Hippos do tend to shove themselves between rocks when sleeping, they then expand their fins to hold themselves in place. This is usually done with their head sticking out, they will even back into their "cave" if it can't be accessed from the back. They don't lay on their side though, they are upright, or at no more than a 45 deg angle IME.

Honestly if you lost a fire shrimp I would bet ammonia, possibly a spike from adding the rock, shrimp seem to be far more susceptible to that then fish.

On the Puffer breathing hard, could be ammonia too, or the after effects/stress from a spike.

I would double check your ammonia kit, if you are anything like me you probably have a very old kit because you don't use it much. Try taking some of your water to an LFS for verification, or use another kit to verify your readings.

Here is the questions I have:

How big is your tank?
How much rock did you have before the new addition?
How much did you add?
What other bio-filter type media do you have (Hob filters, wet/dry, sand etc)?
Do you have a skimmer? How much does it pull?
How long has the tank been setup?
How long have you had your other fish?
How long did you wait between adding fish?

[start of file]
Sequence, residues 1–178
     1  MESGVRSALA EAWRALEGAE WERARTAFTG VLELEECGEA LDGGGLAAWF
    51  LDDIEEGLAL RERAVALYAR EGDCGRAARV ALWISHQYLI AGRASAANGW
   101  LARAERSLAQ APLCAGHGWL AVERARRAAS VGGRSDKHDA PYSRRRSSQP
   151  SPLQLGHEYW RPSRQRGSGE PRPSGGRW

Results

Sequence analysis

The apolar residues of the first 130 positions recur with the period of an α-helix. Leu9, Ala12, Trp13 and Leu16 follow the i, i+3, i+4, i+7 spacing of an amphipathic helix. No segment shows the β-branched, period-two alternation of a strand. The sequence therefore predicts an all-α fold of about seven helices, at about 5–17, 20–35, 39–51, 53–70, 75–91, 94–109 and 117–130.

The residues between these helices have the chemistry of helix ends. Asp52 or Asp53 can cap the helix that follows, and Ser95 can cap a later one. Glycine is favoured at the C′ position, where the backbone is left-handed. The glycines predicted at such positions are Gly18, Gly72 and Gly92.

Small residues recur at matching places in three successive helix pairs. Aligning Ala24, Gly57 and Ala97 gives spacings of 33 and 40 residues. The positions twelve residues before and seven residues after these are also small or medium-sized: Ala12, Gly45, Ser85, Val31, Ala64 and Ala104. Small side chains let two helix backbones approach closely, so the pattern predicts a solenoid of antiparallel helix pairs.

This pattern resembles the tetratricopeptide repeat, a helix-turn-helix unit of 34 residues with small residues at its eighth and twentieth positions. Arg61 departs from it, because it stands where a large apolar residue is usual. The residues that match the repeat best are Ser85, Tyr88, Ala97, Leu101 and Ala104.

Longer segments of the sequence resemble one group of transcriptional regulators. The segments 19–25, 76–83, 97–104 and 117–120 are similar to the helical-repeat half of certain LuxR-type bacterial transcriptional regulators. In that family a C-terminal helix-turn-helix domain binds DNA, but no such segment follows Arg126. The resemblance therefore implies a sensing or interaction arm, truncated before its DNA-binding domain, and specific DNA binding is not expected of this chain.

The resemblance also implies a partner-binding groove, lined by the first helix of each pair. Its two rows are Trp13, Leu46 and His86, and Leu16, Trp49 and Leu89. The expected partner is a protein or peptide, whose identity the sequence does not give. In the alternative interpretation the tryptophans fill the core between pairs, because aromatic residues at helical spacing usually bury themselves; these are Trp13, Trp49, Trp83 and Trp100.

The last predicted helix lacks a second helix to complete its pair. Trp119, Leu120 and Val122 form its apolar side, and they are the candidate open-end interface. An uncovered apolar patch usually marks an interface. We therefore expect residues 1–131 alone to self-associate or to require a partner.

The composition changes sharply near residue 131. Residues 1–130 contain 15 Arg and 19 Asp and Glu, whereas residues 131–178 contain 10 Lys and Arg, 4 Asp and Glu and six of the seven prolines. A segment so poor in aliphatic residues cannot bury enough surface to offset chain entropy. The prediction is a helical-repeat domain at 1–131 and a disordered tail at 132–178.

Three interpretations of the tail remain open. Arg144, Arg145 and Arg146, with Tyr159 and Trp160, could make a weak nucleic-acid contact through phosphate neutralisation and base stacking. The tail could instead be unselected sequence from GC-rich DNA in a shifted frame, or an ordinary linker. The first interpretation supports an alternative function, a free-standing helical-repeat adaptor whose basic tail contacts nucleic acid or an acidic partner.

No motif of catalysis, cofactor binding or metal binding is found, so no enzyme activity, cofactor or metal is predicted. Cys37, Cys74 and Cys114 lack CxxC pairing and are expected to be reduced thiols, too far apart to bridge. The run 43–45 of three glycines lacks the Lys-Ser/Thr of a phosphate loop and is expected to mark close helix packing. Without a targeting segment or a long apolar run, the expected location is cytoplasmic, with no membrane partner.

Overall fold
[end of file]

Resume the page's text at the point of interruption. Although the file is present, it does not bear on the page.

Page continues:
Thanks,
Whiskey
 

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Discussion Starter · #7 ·
Tank size 125, before new addition of rock 150-175lbs added 40lbs, wet dry filter with mag12, css 220 skimmer tank has been up 1 1/2 months, most of first rock came from previous tank that was setup for 1 year, and some purchased from 3 yr tank, been 2 weeks since last fish was added, kit used forgot name but not that old and was expensive, uses 2 pack powder to check for ammonia, with calibrated plastic readers, also refractometer. I did a 15% water change last night, I will take some water to LFS tomorrow if I see the puffer breathing normally, other wise I will do it today, as tonight is the Fireworks and plan on putting my Boat in water finally, been spending all my time at home and neglecting my boat.